Results: A high correlation was found between the clinical diagnosis and the results of the measurement of electrical skin resistance, with a specificity of 76.3% (45/59) for functional disorders and a sensitivity of 85.7% (78/91) for organic disorders, positive predictive value of 84.8% (78/92) and negative predictive value 77.6% (45/58). The kappa value for the results was 0.622, representing a value much better than expected randomly.

Conclusions: The Medex Test has a good specificity and a high sensitivity for the diagnosis of gynecologic disorders. Further prospective studies are needed to validate these preliminary findings.

December 2008
Y. Michowitz, S. Kisil, H. Guzner-Gur, A. Rubinstein, D. Wexler, D. Sheps, G. Keren, J. George

Background: Myeloperoxidase levels were shown to reflect endothelial dysfunction, inflammation, atherosclerosis and oxidative stress.

Objectives: To examine the role of circulating myeloperoxidase, a leukocyte-derived enzyme, as a predictor of mortality in patients with congestive heart failure.

Methods: Baseline serum MPO[1] levels were measured in 285 consecutive CHF[2] patients and 35 healthy volunteers. N-terminal pro-brain natriuretic peptide and high sensitivity C-reactive protein concentrations were also measured. The primary outcome endpoint was overall mortality.

Results: MPO levels were significantly elevated in patients with CHF compared to healthy volunteers (P = 0.01). During a mean follow-up of 40.9 ± 11.3 months there were 106 deaths. On a univariate Cox regression analysis MPO levels were of marginal value (P = 0.07) whereas NT-proBNP[3] was of considerable value (P < 0.0001) in predicting all-cause mortality. By dividing our cohort according to NT-proBNP levels into high, intermediate and low risk groups a clear difference in mortality was shown. By further dividing the patient cohort according to MPO levels above or below the median (122.5 ng/ml), mortality prediction improved in the patients with intermediate NT-proBNP values.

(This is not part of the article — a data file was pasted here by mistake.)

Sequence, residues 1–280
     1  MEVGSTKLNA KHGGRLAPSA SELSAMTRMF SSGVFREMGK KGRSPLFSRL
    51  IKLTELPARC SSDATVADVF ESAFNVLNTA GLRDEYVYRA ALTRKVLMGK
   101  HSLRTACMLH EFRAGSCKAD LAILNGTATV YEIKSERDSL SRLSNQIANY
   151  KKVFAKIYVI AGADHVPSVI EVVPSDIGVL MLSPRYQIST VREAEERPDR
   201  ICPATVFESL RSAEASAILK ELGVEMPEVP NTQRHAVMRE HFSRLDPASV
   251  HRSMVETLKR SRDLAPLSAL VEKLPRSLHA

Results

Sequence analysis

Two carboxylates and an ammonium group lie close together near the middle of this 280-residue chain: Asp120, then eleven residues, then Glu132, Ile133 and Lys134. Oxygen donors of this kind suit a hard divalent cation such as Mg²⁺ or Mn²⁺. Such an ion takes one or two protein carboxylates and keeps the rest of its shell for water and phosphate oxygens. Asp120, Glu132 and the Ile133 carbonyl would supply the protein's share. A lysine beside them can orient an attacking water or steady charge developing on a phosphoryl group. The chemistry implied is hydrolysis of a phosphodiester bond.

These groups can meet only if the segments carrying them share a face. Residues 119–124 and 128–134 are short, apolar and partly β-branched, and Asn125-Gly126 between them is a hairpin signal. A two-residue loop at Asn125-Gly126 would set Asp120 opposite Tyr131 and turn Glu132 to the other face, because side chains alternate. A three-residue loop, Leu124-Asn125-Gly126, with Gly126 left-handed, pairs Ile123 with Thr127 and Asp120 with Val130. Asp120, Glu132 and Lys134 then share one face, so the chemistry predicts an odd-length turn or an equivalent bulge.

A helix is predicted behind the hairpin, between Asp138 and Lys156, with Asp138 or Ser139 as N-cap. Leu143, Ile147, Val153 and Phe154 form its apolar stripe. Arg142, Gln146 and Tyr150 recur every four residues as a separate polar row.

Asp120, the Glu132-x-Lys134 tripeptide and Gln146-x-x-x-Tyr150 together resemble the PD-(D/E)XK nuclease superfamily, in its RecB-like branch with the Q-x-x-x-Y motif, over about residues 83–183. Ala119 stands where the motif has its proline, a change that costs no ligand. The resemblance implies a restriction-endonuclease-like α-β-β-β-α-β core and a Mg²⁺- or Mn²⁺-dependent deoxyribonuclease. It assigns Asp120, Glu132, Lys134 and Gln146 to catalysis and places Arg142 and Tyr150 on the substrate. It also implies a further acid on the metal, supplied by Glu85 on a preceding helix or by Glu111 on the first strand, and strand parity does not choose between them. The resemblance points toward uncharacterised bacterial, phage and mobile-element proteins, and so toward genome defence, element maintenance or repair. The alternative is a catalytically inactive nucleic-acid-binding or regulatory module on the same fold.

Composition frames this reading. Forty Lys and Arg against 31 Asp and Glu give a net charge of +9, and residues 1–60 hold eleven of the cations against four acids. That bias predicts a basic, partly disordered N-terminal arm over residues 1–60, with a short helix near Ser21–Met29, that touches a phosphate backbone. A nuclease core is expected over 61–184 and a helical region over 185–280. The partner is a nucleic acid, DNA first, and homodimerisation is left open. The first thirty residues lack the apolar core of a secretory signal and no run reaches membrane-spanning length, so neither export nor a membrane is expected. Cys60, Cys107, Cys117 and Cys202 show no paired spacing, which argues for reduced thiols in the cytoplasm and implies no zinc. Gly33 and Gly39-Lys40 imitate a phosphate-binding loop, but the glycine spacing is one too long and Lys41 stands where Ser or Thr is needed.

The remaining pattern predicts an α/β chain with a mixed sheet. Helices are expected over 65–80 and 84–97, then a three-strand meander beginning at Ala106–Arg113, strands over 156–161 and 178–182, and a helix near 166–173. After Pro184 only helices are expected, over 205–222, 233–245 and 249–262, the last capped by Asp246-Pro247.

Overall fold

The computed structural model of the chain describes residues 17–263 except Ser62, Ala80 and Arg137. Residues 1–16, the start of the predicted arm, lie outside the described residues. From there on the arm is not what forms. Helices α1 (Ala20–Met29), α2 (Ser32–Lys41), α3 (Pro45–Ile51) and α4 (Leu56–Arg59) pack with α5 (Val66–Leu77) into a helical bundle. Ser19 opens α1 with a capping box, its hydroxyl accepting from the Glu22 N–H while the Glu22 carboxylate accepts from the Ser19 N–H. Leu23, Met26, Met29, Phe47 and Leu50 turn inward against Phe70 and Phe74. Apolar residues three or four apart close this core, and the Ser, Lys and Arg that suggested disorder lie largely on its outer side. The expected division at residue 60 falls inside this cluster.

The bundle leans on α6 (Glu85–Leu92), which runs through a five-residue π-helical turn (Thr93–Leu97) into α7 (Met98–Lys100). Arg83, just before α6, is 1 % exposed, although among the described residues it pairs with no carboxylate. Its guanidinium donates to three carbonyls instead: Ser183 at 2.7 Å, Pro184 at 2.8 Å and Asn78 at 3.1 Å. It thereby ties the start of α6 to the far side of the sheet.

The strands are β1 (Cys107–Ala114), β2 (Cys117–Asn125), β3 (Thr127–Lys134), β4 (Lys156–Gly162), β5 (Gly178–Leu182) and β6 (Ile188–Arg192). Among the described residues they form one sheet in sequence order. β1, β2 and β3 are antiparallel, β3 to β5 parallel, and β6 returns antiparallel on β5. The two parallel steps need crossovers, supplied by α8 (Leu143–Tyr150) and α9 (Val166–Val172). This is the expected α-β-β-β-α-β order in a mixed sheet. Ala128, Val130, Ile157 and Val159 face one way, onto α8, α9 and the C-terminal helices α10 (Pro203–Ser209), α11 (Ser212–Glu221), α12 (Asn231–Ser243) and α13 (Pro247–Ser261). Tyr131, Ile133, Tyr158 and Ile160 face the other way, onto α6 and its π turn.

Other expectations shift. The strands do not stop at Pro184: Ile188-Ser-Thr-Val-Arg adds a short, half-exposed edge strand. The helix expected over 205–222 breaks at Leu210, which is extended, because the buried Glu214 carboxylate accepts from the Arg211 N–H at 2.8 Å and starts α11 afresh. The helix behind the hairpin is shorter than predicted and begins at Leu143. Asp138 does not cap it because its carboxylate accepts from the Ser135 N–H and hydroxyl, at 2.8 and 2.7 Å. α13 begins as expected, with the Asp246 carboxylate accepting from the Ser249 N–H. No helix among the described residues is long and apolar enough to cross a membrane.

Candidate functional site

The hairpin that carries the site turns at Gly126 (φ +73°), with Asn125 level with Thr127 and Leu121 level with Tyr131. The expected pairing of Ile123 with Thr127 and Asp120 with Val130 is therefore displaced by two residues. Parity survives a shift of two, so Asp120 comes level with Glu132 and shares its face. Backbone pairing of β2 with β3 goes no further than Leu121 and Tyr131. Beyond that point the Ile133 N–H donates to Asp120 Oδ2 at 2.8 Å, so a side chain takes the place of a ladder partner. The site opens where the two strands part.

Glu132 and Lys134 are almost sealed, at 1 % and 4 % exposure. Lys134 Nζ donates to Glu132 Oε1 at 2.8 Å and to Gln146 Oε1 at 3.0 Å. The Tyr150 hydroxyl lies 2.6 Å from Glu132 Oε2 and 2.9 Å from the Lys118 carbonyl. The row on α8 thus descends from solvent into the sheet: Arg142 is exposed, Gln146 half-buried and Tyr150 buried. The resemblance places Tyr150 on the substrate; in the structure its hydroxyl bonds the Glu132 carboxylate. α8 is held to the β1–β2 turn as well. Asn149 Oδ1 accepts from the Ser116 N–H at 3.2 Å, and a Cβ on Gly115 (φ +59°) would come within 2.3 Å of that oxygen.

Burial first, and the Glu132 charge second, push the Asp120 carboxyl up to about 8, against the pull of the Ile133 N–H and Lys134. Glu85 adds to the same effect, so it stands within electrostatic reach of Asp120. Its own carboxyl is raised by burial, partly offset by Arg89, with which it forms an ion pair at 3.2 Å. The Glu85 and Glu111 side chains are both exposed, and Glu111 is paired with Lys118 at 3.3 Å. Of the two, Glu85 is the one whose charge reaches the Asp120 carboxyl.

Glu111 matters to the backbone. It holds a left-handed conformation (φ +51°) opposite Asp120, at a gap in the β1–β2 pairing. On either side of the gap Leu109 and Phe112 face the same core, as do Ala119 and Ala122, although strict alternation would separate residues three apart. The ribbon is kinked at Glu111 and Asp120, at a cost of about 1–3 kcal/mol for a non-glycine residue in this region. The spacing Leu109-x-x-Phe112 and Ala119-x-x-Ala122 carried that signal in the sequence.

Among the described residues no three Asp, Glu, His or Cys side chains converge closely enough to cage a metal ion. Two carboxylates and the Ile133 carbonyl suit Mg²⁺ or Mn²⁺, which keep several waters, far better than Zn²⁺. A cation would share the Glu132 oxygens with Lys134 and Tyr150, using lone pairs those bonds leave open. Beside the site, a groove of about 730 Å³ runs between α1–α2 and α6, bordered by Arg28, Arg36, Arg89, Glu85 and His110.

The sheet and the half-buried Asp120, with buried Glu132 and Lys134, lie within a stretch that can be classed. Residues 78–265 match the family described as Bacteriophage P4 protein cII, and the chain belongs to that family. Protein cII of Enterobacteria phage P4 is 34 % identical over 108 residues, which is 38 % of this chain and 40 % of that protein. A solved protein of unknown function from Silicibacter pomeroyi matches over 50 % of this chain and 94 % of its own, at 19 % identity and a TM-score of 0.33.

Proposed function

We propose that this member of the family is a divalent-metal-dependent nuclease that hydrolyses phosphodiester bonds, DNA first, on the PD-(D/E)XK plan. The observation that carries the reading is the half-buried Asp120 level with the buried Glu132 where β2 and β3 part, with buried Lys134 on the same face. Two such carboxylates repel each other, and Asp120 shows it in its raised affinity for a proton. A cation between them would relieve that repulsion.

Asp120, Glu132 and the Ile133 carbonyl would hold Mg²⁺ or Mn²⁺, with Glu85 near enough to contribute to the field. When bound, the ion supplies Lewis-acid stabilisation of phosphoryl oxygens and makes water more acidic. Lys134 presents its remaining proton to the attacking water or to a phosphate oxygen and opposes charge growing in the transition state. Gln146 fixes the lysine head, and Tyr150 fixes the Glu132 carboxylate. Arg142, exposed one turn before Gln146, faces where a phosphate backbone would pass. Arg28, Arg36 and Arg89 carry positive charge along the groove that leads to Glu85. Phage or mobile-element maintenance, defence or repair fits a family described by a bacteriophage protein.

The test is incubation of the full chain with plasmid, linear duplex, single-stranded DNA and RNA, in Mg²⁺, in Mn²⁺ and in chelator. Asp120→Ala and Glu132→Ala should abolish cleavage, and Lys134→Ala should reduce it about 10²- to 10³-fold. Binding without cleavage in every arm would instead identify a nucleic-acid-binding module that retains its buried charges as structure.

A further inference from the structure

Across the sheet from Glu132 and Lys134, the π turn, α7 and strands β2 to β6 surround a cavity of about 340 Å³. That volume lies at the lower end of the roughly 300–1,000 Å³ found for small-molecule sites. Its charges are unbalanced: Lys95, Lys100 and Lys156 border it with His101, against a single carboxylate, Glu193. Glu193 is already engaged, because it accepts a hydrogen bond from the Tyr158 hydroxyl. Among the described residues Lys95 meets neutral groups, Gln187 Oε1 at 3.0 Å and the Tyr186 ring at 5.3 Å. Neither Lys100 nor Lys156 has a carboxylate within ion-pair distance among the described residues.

Conclusions: MPO levels are elevated in CHF and correlate with disease severity. MPO has an additive predictive value on mortality in patients with intermediate NT-proBNP levels.



[1] MPO = myeloperoxidase

[2] CHF = congestive heart failure

[3] NT-proBNP = N-terminal pro-brain natriuretic peptide

May 2006
T. Arazi-Kleinman, D. Shepshelovich and Y. Shoenfeld
May 2003
D.S Silverberg, D. Wexler, M. Blum, D.Schwartz, G. Keren, D. Sheps, and A. Iaina

Background: Congestive heart failure is extremely common in octogenarians and is associated with severe fatigue, shortness of breath, recurrent hospitalizations, and death. These patients, many of whom are anemic, are often resistant to standard CHF[1] therapy including angiotensin-converting enzyme inhibitors, beta-blockers and diuretics.

Objectives: To examine whether correction of the anemia (hemoglobin <12 g/dl) in CHF patients lowers their resistance to therapy.

Methods: Forty octogenarians with anemia and severe resistant CHF were administered a combination of subcutaneous erythropoietin and intravenous iron sucrose.

Results: This combination therapy led to a marked improvement in cardiac function, shortness of breath and fatigue, a marked reduction in the rate of hospitalization and a stabilizing of renal function.

Conclusion: Anemia appears to be an important but ignored contributor to the progression of CHF, and its correction may improve cardiac and renal status as well as the quality of life in elderly patients.

[1] CHF = congestive heart failure